Personally, I obsess with perfection to my detriment. I am not careful enough to justify this. I rarely measure and remeasure, yet I want it to be perfect. I’m not patient when I cut, yet I want a straight line. I’m trying to see the beauty in things that I make and aren’t perfect, but it’s hard, hard work. One way I let myself come to terms with what I’m making is to change my expectation from store quality to done. It works 95% of the time. (And, to be honest, when I start up a new craft, I start to notice the imperfections in the mass-produced stuff, so my quality is usually better anyway.)

    • Oh, Ann, I can so relate. And I think there is value in careful work, in learning a craft deeply and precisely; I’ve just had to admit to myself that I can’t do ALL things in that careful, practiced way. I can be passionate about a few things, and learn to do them as well as possible, and everything else I have to be content to enjoy at a more novice, get-it-done level.

      But I think there is joy to be found in imperfection, too. It just takes a little more effort to embrace it, sometimes. 🙂

  2. Love the way the stripes give the basket a nice nautical theme. My kids are quite enthralled with stickers right now so I think we may do some decorating with those.

    • Stickers, so fun! Great idea.

      I love nautical –it’s classic and patriotic without being over-the-top. And stripes are easy to paint. So there’s that. 😉

  3. Oooh I like! I live in the British Isles so we don’t celebrate Fourth of July here, but the island I live on does celebrate Liberation Day every May 9th. It’s when we celebrate our freedom from the occupied forces at the end of WW2. We have the same red, white and blue colour theme thanks to the union jack so these picnic crates will work perfectly and until then they can double up as toy boxes in my nautical themed play area!

    • Nautical themed play area, be still my heart! 🙂

      I wanted to use my crates all year round, so I was aiming for red-white-and-blue but not TOO Fourth-of-July. I’m glad the ideas work for you!

    • I’m in the US, but I did a British themed nursery (spent several years there as a child, so I already had several touristy/UK child appropriate things.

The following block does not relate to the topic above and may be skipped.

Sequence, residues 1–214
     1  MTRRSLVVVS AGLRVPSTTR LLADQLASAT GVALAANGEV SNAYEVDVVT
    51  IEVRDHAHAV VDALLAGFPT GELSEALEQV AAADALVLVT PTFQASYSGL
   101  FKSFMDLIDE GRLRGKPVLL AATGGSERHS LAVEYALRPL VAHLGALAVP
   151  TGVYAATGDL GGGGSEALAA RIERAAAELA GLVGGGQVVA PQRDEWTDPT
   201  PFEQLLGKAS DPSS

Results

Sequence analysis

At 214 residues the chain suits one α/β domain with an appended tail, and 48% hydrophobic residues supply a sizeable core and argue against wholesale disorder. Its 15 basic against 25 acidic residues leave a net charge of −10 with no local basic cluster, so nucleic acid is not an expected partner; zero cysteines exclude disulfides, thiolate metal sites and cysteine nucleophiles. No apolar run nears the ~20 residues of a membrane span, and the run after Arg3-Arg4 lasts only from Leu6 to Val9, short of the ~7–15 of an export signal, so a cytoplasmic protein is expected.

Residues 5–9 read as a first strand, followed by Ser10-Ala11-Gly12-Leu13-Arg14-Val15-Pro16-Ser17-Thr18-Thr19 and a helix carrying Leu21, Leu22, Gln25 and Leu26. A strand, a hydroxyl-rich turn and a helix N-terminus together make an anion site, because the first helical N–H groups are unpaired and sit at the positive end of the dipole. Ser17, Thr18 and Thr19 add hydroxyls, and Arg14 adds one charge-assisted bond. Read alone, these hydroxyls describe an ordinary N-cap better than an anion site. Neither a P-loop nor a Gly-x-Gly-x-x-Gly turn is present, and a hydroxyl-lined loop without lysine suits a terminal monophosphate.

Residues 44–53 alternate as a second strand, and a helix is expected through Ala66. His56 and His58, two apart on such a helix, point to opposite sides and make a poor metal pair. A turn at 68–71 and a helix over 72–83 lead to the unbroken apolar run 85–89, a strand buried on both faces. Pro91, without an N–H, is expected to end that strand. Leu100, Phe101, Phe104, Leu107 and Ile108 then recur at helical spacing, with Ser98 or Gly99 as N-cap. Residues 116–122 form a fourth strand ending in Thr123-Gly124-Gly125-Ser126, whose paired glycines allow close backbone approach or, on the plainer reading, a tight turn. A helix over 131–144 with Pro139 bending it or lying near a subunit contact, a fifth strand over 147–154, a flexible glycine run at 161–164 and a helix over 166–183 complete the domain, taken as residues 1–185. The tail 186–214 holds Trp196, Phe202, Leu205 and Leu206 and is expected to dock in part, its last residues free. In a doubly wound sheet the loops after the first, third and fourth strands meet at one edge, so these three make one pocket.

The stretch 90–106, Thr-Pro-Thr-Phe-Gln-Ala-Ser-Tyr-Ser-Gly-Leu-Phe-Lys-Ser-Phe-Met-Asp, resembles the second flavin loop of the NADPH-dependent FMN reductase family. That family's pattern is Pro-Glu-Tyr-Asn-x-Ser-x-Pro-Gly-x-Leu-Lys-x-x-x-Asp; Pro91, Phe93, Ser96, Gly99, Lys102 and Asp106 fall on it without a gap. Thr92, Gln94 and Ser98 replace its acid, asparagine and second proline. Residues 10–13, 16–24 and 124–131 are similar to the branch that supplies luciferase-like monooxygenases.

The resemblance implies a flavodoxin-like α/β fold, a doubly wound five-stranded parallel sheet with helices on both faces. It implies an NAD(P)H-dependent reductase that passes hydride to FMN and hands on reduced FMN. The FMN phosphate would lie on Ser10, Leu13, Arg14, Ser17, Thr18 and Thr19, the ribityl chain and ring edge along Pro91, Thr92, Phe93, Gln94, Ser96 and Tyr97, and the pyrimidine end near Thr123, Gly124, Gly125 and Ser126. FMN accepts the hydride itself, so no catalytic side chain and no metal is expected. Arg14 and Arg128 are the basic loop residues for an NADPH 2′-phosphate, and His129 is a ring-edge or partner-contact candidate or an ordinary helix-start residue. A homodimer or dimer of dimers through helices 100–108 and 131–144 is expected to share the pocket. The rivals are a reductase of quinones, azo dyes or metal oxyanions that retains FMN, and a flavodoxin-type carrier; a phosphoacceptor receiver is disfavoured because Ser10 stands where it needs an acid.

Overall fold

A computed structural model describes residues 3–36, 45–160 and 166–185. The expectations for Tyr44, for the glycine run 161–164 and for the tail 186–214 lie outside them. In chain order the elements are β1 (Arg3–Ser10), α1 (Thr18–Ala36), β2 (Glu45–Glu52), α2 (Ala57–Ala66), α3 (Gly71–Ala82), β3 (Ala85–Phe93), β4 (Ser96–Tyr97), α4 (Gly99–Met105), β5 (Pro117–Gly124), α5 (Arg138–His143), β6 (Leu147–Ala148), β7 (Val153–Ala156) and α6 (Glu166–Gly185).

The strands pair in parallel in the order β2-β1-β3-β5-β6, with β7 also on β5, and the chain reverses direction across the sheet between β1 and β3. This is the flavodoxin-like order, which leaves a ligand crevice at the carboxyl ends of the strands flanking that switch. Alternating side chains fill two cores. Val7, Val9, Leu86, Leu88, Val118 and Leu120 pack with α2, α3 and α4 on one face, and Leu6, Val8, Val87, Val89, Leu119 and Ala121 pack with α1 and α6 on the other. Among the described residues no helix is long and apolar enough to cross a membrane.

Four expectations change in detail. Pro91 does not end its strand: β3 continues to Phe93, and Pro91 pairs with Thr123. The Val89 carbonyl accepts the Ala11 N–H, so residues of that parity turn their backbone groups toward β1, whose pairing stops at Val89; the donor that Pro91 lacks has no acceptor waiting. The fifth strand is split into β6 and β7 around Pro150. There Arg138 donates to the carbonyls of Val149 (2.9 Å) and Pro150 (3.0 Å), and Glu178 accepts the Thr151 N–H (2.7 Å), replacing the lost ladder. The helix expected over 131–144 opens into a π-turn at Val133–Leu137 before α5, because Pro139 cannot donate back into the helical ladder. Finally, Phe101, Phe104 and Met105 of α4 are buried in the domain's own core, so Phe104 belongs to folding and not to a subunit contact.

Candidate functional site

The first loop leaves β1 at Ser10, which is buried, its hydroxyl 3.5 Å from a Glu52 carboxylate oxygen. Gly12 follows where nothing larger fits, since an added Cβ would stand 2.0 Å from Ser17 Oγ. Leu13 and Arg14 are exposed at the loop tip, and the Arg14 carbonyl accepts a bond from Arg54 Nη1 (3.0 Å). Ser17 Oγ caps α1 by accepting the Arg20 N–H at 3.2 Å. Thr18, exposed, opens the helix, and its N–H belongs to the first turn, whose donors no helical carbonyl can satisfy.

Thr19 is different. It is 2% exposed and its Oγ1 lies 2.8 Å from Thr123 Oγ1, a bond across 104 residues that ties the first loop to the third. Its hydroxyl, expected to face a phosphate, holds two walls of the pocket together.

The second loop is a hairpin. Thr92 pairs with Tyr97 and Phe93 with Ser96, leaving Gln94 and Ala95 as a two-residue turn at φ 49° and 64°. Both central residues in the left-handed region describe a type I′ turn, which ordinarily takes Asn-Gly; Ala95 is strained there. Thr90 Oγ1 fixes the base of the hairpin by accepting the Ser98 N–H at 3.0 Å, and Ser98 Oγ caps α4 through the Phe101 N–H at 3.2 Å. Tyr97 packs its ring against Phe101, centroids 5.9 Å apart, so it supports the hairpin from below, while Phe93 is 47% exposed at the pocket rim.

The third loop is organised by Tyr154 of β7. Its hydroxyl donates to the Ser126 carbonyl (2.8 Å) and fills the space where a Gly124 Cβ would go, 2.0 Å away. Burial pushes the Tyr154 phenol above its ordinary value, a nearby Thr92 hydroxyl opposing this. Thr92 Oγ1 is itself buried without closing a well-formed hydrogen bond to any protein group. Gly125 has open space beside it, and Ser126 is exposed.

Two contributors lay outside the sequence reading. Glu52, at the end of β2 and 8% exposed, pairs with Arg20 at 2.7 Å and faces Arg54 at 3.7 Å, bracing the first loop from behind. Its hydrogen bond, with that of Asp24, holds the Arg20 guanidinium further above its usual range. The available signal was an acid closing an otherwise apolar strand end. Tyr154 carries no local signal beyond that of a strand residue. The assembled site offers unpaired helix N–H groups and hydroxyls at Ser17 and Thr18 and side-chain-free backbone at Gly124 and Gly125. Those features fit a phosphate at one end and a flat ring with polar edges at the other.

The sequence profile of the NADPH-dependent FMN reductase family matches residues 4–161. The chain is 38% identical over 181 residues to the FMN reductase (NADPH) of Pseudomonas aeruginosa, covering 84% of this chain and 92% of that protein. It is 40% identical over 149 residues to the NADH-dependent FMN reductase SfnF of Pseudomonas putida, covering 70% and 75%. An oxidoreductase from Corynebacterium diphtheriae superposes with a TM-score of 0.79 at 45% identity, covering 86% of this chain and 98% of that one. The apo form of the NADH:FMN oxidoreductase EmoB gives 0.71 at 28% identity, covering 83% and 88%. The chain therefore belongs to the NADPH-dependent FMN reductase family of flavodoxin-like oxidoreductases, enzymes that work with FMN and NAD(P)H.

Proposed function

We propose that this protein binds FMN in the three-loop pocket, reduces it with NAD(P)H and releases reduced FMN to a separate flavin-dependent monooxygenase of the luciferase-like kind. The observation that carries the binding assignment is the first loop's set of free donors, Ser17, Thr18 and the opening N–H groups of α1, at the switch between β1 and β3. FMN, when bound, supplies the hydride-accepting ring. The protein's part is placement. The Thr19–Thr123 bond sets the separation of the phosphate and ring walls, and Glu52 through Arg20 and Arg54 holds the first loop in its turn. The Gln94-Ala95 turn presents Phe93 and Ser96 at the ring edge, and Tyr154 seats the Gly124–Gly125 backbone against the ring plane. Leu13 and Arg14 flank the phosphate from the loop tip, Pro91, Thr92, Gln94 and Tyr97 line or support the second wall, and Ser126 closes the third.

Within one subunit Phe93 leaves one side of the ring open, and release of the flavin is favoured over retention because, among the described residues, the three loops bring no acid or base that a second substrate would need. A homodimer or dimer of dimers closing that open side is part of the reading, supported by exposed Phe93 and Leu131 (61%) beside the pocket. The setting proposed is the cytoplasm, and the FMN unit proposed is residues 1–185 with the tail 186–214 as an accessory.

I love the idea of doing this and using it for a toy box in my baby’s room, the red, white, and blue would certainly fit in!

  4. That is super cute! I would love to make one of those for my family.

  5. I love this idea. It would make a super cute hostess gift too!
    Just one question. Is the image printed on regular printer paper or something special? Looking forward to making one!

    Happy 4th!

  6. What a cute crate!!! I want to make one so bad now. I love it!

  7. I love the family crate. When I saw the first picture I thought that must have been done by a professional sign writer or something like that. I can’t believe it is so easy to do that from your own computer! Definitely giving that a try!

    • Isn’t that a cool technique? I love how it turned out. Now I want to make wood-print sorts of gifts for everyone I know! Maybe next Christmas… 😉

  8. This looks so fun!
    I love the step by step…I think I’m going to grab my hubby’s supplies and make this my weekend project!

    On behalf of-
    A Moment with MOM

    • I love weekend projects that can really be finished in a weekend! This one definitely can. Most of mine end up spilling over into the next week… but isn’t that what Mondays are for, really? 😉

  9. I love this idea!

  10. Totally cute!

  11. This is the cutest idea I have seen in a while. And the crates are heavy enough that they will not fall over in the car like many baskets tend to do.

    • Yes! Crates are great for bigger groups, too– we can fit everything we need without worrying about the bottom falling out of the basket from the weight of the food. 🙂

  12. Love it! It would make a great gift too…filled with some fun picnic items.